A range of advocacy groups decried the practices shown in videos released Tuesday of youths being restrained and secluded at jails operated by the state Department of Children and Families.
WASHINGTON – General Electric announced Tuesday that it may move about 500 U.S. jobs to France, Hungary and China because of Congress’s failure to extend the charter of the Export-Import Bank. It is an issue that could also influence the Connecticut-based company’s search for a new headquarters.
Gov. Dannel P. Malloy participated Tuesday in a U.S-Chinese climate summit to announce agreements by cities, state and provinces that he says signifies a greater willingness by China to restrict the production of greenhouse gases.
“They’ve visited so much they are now certified to give White House tours,” the president said.
The State Tax Panel is kicking off a four-month study of the state’s tax system and economy, but in theory it will not address whether taxes are too high or too low, or whether certain groups should pay more or less.
The Connecticut Supreme Court heard a public interest appeal Tuesday intended to clarify whether applications for restraining orders in family-violence cases ever can be denied without a hearing. “This isn’t a technicality,” Linda Allard of Greater Hartford Legal Aid told the court. “This is about life and death.”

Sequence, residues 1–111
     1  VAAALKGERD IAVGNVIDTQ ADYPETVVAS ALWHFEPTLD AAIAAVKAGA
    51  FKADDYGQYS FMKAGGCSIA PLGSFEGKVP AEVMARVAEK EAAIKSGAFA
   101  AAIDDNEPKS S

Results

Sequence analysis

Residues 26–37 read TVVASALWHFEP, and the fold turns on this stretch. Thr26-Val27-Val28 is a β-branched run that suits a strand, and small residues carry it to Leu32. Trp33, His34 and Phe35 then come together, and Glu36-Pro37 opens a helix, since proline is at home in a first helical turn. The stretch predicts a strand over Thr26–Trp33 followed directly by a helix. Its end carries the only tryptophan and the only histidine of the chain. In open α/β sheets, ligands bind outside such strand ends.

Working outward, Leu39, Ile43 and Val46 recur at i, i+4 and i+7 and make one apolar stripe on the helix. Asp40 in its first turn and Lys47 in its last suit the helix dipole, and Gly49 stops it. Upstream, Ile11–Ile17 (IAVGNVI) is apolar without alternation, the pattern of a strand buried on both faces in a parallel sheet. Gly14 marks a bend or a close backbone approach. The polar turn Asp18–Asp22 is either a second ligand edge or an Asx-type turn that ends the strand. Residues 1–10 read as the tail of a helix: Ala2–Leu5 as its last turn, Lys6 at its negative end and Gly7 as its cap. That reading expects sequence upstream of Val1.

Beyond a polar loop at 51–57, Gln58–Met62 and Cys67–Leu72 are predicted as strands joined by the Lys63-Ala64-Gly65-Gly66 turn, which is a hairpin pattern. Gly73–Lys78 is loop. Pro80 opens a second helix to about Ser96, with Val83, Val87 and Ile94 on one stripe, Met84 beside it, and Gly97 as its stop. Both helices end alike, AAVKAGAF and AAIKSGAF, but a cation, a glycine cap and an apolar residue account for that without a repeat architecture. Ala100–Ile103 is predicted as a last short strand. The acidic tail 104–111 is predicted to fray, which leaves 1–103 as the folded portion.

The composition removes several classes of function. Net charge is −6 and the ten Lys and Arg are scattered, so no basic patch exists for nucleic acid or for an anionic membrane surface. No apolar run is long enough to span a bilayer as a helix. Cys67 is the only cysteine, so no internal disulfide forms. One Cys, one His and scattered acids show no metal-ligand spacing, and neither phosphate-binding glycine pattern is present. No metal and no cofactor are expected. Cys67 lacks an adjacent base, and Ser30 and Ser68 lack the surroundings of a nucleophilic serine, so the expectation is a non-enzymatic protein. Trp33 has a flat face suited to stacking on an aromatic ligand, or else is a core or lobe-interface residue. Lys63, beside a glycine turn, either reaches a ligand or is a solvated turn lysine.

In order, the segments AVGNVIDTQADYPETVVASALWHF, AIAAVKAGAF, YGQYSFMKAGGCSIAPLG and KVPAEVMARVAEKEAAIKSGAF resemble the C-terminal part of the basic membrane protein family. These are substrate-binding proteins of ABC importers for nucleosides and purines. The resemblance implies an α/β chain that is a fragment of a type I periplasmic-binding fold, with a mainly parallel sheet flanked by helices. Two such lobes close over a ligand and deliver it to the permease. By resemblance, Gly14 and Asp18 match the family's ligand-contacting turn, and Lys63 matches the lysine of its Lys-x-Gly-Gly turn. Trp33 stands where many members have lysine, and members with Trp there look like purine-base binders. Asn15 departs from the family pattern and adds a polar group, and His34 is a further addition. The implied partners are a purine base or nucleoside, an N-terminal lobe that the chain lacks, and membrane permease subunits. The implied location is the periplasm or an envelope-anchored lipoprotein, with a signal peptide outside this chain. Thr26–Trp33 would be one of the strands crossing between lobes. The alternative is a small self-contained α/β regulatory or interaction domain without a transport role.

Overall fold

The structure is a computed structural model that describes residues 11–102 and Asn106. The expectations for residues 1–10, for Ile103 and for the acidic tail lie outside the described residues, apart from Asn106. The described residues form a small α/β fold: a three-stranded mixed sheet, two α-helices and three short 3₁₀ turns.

Surveillance video from inside the state-run juvenile jails released Tuesday shows youths being forcibly restrained and dragged into solitary confinement, where some then attempt to injure themselves. These eight videos were released by the state Office of the Child Advocate as state legislators grapple with the future of the locked jails.
A high-profile Medicare experiment pushing doctors and hospitals to join together to operate more efficiently has yet to save the government money, with nearly half of the groups costing more than the government estimated their patients would normally cost, federal records show.
Almost everyone remembers the first day of school. Families rush to get all the necessary back-to-school supplies and new-school clothes. There’s the anticipation of a new teacher, and new friends. There’s a chance to start fresh and put your best foot forward. And this new school year brings significant excitement for more than 1,000 new Connecticut charter school students just months after their families fought and won a battle for a spot in these schools of choice.